@Shalmo You realize that was 10 years ago? You also realize that there was no NJPS for 2010 because of Madoff? You also realize that in the past 10 years, the amount of Jews returning to Judaism has risen insanely? The statistic cited re: Orthodox Jews having a retnetion rate of 89 percent compared to Reform/Conservative were are by far lower can be found in Elazer and Geffen's book, found on Google books at http://books.google.com/books?id=hghdpWG_Z0oC&pg=PA213&lpg=PA213&dq=elazer+geffen+conservative+judaism&source=bl&ots=88OsLaFLHo&sig=a4qyxtRh8NayzrRvT2FitHcC1uQ&hl=en&ei=B-whTY_RFoX7lwe07Oi-DA&sa=X&oi=book_result&ct=result&resnum=2&ved=0CBoQ6AEwAQ#v=onepage&q&f=false, on page 106.ReplyDelete
With all due respect, these stats have been consistent for a long long time. I am fully aware of how the orthodox world likes to brag about how they represent the future of the jewish race, but reality is much more complex. How many of us are familiar with the orthodox PC line of how reform and conservative jews are going to intermarry out of existence and only orthodox will remain. And they have been saying this for years, it has never come to fruition. And there is a very good reason for thisReplyDelete
Which has been addressed here: http://www.threejews.net/2008/09/will-your-grandchildren-be-reform.html
"Of all children raised Orthodox, only 42% have remained Orthodox as adults. 29% become Conservative adults, 17% become Reform adults, and 12% become "Just Jewish". Thus, the basic demographic facts are clear. Orthodox Jews have a lower intermarriage rate and a higher birthrate than more liberal or moderate Jews, but a much higher denominational-switching rate. Of all Jewish adults who were raised Orthodox, fewer than half are now Orthodox. No other Jewish denomination has such a high switching rate."
All of which basically means the higher birth-rates of orthodox are doing nothing to counter the phenomenal and unprecedented 50% intermarriage and assimilation rate among the world's jewry today
The ultra-orthodox who rip of the state both in the US and Israel are unlikely to continue maintaining their livelihoods given the impending economic collapse, and the modern orthodox are drifting more and more into outright conservative judaism. So it indeed is an interesting question of how long orthodox judaism can last.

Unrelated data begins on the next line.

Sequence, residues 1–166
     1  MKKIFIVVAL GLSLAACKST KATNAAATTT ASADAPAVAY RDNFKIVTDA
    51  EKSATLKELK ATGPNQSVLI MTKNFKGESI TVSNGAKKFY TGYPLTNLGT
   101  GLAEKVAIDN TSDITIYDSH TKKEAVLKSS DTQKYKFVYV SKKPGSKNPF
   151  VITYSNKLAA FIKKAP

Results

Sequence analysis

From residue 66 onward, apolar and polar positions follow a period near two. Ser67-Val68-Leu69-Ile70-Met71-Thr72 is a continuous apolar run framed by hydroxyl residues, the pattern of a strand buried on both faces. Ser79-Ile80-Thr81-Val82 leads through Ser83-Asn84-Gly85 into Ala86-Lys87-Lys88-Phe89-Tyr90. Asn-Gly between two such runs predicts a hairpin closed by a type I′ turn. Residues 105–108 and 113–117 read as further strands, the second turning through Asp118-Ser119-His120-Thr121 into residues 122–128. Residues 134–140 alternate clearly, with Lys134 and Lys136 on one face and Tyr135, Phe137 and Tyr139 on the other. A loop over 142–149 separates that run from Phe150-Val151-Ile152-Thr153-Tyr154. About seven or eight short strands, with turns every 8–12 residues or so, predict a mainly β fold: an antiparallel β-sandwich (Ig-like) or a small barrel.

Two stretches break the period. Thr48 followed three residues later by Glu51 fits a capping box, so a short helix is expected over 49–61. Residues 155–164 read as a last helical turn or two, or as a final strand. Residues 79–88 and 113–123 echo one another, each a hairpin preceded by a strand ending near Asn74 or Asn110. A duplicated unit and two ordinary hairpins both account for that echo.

I recommend ALAN M. DERSHOWITZ; "The Vanishing American Jew" as some important reading on this matter.
@Shalmo So ... you ignore my statistics in favor of your own. The blog post you cite is two years old. The Jewish population today is at 6.5 million people, that's according to the most recent U.S. census. How do you explain a 20 percent rise in those identifying as Jewish? And what about my statistics on retention? You simply ignore them. And Dershowitz's book, which I have read, was written in 1997. That's 13 years ago. The demographic of Jewish peoplehood in the U.S. has changed in the past 13 years, as has its future.ReplyDelete
And, for what it's worth, I've never heard your quip about all Reform and Conservative Jews outmarrying out of existence. I know more traditional Conservative Jews than I know Jews who prefer to be on the Reform end of things. I also know more Reform Jews who cherish tradition. The Reform Movement released, recently, a book on kashrut. Does that scream disappearance into oblivion to you? No, it says Jewish.
I think your negative view of the future of the Jewish people, probably scarred by personal experiences with the Orthodox community, is unfortunate, and for that I am sorry. But I do not think your perspective helps the cause of Jews -- all Jews, no matter what their preference of observance or not.
This is old, but it looks like you're still answering peoples'...er, concerns. I'm glad that there is someone like you on the internet to counteract all those who have blogs only to proclaim that this or that denomination is "dying", to judge others, and to complain and argue all day long.ReplyDelete